I am afraid that in our efforts to relieve suffering, many of us have adopted a fatalistic view of our sinful actions. We dig sedulously into our past, hoping to solve some psychological mystery that will provide a reasonable explanation for our choices, the unavoidable “series of unfortunate events” that will absolve us from guilt without the painful process of “sorrowing and repenting” which the apostle Paul says is essential for salvation, not only spiritually but psychologically as well. (2 Corinthians 7:10)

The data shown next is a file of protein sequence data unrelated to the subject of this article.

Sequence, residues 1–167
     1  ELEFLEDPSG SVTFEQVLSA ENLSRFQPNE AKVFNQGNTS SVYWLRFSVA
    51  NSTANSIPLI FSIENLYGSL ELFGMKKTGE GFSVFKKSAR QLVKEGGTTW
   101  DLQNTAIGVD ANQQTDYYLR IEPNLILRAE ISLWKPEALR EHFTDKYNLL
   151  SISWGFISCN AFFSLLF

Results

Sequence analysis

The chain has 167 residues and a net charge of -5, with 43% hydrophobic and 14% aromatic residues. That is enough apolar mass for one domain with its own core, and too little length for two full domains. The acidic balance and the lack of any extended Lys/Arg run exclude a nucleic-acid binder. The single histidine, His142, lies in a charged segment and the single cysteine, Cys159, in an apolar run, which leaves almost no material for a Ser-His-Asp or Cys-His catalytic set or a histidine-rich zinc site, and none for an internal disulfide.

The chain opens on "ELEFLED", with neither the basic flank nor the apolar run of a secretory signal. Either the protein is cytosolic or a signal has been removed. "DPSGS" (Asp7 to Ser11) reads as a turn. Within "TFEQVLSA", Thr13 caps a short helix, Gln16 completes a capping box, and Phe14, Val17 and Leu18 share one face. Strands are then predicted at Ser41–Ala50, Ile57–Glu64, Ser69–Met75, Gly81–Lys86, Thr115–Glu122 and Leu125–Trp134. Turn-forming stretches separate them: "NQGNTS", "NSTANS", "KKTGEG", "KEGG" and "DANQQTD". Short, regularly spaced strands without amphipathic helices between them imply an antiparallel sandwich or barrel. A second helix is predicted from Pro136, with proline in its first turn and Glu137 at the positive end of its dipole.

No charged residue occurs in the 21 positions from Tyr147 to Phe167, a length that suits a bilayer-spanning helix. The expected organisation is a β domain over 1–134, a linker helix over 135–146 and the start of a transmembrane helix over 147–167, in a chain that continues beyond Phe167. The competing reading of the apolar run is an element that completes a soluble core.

Now, don’t miss understand me. I believe a thorough knowledge of our pasts is important but if we want to live life with “no regrets” as it says in 1 Corinthians, then we would do well to follow Paul’s example. He said, “Even if I caused you sorrow by my [words], I do not regret it. Though I did regret it—I see that my [words] hurt you, but only for a little while— yet now I am happy, not because you were made sorry, but because your sorrow led you to repentance. For you became sorrowful as God intended and so were not harmed in any way by us.” Pain is an inevitable part of redemption. Unless I, as therapist, am willing to walk with my clients through the painful process of accepting our responsibility for sin no matter what the external influences, I rob them of the one vital element that distinguishes Christian counseling from secular counseling. Let us not make that mistake!

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